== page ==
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Working at Height Accidents and Injuries

Working at height accidents

Personal Injury Solicitor, John Hasson Looks at the Law Relating to Accidents that can Occur when Working at Height.

Unsurprisingly accidents often occur as a result of people falling when working at height. When we think about injuries arising from working at height we would naturally assume that that the accident victims are quite a way off the ground, for example working on a ladder, scaffolding or a roof. However this does not need to be the case.

The Work at Height Regulations 2005 govern the steps which employers should take to prevent, or at least minimise the risk of accidents occurring in these situations. Reg 6(3) defines working at height as “falling a distance liable to cause personal injury”. No minimum height or distance is set out in the regulations. As a consequence, employers should carry out the necessary risk assessments set out in the regulations when any employee is required to work at any distance off the ground where a fall from the height may result in injury. The regulations also apply if an employee is working below ground level. This is because someone below ground level can still be working above the level of the floor.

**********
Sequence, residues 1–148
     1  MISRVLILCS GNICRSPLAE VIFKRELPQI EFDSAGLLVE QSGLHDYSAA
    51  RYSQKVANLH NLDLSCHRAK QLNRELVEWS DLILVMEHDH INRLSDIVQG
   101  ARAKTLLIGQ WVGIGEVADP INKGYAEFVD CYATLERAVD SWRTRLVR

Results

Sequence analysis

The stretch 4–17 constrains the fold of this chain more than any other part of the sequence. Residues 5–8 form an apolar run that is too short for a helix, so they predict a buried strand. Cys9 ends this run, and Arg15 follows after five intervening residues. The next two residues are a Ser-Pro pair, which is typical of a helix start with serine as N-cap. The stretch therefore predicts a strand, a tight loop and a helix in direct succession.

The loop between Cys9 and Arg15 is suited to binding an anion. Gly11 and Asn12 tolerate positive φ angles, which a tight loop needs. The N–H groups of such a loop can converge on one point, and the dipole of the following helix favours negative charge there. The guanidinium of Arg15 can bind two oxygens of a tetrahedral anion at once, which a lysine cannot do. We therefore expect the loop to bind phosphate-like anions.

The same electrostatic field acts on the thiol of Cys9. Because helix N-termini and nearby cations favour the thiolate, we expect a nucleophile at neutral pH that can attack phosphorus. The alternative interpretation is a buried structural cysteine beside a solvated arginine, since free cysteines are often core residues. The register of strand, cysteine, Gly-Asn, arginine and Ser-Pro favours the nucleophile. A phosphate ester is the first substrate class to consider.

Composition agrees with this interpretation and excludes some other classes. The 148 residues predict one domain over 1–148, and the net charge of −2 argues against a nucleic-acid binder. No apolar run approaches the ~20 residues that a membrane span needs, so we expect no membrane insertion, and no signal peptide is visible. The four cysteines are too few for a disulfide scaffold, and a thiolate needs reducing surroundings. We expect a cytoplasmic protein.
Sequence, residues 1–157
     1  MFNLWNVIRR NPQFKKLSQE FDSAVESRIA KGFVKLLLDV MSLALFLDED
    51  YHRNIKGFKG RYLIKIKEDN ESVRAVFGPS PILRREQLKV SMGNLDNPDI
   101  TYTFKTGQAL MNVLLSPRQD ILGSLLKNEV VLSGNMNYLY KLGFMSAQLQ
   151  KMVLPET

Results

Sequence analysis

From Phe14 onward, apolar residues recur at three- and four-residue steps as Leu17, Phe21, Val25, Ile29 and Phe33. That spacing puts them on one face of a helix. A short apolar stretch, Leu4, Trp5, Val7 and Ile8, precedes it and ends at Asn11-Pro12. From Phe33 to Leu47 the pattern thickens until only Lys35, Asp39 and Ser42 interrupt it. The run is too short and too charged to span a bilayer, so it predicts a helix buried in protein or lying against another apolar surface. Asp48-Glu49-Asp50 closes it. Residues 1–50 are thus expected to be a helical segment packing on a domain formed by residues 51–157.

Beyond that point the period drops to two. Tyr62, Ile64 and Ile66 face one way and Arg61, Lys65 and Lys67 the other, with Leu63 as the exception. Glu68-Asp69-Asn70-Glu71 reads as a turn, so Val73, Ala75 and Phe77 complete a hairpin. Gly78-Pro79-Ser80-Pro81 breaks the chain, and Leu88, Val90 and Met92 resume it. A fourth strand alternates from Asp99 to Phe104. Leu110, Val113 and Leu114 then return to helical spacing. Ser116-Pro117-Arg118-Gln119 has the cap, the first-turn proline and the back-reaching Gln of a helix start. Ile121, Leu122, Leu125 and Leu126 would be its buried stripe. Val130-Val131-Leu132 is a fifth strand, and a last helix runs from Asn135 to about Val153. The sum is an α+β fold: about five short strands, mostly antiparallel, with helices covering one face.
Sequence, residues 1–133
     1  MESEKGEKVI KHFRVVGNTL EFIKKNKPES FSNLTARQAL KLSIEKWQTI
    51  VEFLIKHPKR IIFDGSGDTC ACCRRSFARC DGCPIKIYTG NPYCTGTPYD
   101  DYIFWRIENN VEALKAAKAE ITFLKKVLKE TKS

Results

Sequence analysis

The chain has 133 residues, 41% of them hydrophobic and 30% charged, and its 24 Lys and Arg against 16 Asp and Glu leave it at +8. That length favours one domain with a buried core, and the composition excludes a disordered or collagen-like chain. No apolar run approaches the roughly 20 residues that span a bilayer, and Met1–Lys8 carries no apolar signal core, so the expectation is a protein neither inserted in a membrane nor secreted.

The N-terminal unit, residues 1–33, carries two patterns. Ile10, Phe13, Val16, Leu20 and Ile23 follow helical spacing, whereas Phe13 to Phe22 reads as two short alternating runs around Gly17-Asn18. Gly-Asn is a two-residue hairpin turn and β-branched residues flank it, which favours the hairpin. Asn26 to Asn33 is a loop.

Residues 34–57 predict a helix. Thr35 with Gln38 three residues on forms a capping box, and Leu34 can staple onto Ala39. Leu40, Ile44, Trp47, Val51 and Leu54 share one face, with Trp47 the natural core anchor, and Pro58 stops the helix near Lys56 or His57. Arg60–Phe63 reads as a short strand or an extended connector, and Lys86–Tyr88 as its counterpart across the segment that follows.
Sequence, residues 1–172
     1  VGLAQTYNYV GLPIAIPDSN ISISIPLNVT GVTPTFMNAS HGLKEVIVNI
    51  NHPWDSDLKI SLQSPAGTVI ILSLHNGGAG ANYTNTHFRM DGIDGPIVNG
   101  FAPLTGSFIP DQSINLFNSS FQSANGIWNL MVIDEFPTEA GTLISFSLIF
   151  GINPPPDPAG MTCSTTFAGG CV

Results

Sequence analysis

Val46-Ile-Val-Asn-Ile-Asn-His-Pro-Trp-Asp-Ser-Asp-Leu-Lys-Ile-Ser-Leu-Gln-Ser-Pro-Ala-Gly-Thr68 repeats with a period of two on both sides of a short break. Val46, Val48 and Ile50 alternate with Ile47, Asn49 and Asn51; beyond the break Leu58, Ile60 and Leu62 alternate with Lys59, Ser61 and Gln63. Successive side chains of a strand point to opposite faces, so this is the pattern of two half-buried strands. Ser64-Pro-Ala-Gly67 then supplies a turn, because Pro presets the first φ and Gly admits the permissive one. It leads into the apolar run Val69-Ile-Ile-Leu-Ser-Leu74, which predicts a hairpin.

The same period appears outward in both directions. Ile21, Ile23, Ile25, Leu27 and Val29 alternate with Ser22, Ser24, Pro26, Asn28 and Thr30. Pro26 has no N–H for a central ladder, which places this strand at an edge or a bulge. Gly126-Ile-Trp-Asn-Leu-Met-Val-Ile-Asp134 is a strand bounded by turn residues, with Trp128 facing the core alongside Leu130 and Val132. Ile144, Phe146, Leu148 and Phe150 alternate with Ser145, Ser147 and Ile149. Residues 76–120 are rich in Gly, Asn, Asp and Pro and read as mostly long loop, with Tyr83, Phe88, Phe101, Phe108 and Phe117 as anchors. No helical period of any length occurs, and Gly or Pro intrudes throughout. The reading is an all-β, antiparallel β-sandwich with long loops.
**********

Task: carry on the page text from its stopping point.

There is a popular misconception that these regulations prevent employees from working on ladders. That is not the case. The regulations simply state that adequate risk assessments should be carried out when any work at height is required and that ladders should only be used if no other means of access is available which would be more appropriate. Even then there are strict guidelines as to the type of ladder to be used and the manner in which it is to be used e.g. it should only be used for short periods, the surface on which the ladder is resting must be stable, firm and of sufficient strength and the ladder should be adequately secured before and during use. Wherever possible, alternatives to ladders should be used, for example mobile working platforms, cherrypickers or scaffolding as these are generally regarded as being more stable and provide a larger working area.

If employees are working at height then the risk assessment should ensure that adequate guardrails and barriers are in place to prevent falls or falling injuries. Protective equipment should be provided such as safety harnesses and devices designed to arrest falls, such as airbags and crash decks. The Work at Height Regulations are not designed to prevent employees from working at heights that could potentially cause injury if there was a fall but rather to ensure that such work is properly planned, suitable risk assessments are carried out by competent experienced people, the work equipment provided is suitable for the task and has been tested and that suitable safety equipment has been supplied.